Fred Haines, 77, will get back the six figure sum that he wired between 2005 and 2008 to scammers who had promised him $64 million in inheritance from a Nigerian prince, if only he could pay the fake fees to move the money.
Last year, Western Union admitted in a settlement with the Federal Trade Commission to knowingly looking the other way regarding employees who had been helping scammers to steal the money of its customers, including Haines.
A $586 million fund was created to pay back victims, throughout the US and Canada.
When Haines first heard about the settlement fund, he was optimistic he’d get his refund.
‘I thought, man, $580 million, yeah I should be able to get a little bit of that,’ he told the Kansas City Star.
The scammers first made contact with Haines through his Yahoo! email account in 2005.
‘They started off with saying I was going to inherit $64 million, and right away I thought “this is kind of a joke, or it’s a scam,”‘ Haines said, of his initial reaction before he was duped.
‘Those Nigerians know how to talk.’
Haines shared that the prospect sounded too good to be true, but after investing so much time and money, it became too difficult to believe it was all a lie.’
‘It got to the point where they were showing me that the President of Nigeria had sent me a letter. It had his picture on it and everything,’ Haines said.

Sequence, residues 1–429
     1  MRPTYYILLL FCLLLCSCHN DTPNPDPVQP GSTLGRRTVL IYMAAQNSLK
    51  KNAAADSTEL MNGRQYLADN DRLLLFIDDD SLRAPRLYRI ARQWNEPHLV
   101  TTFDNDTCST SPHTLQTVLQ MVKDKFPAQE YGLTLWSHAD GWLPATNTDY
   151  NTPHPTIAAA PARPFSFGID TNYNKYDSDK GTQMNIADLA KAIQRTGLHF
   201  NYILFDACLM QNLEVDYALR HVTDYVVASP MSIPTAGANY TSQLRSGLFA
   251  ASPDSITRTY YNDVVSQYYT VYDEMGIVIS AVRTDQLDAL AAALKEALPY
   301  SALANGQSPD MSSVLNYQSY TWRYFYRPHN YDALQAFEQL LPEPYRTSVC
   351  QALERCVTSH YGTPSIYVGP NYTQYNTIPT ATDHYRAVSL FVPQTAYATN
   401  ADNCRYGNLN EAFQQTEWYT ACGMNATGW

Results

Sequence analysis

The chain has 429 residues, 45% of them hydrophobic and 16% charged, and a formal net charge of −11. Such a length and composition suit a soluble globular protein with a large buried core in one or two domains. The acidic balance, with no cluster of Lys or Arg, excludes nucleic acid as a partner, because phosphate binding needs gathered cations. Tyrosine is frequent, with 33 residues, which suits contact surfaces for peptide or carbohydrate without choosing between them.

‘I looked it up on the computer to see what the Nigerian president looked like, and it was him.’
Haines kept one email which appeared as if it was signed by Robert Mueller, who at that time was the director of the FBI, and called Haines ‘B-DOG’ as a code name.
That email read, in part: ‘I wish you can remove doubt and suspicious and go ahead I assured you that you will never regret this fund release.’
Today, this kind of thing seems hard to imagine happening with all the publicity these kinds of scams have gotten, but Kansas Attorney General Derek Schmidt noted, [‘T]he reason that scammers keep doing the same thing is that they’re making money at it.’
Over the course of three years, Haines remortgaged his home three times and was even left wandering around the Wichita Airport waiting for a supposed Nigerian man with suitcases full of of cash, before he realized the promised money wasn’t going to show up.
After the settlement was reached, the only people who knew about it were those who had already complained to law enforcement, or reached out directly to Western Union.
Schmidt wasn’t OK with that, so he sent out a news release, but still worried the information wouldn’t reach everyone who had been swindled.
That’s when members of his team contacted Western Union themselves to get a list of who might be eligible for a refund, including all Kansas residents who had sent large sums of money and any who had sent any sums of any amount to certain high-risk countries.
Culled from Mail Online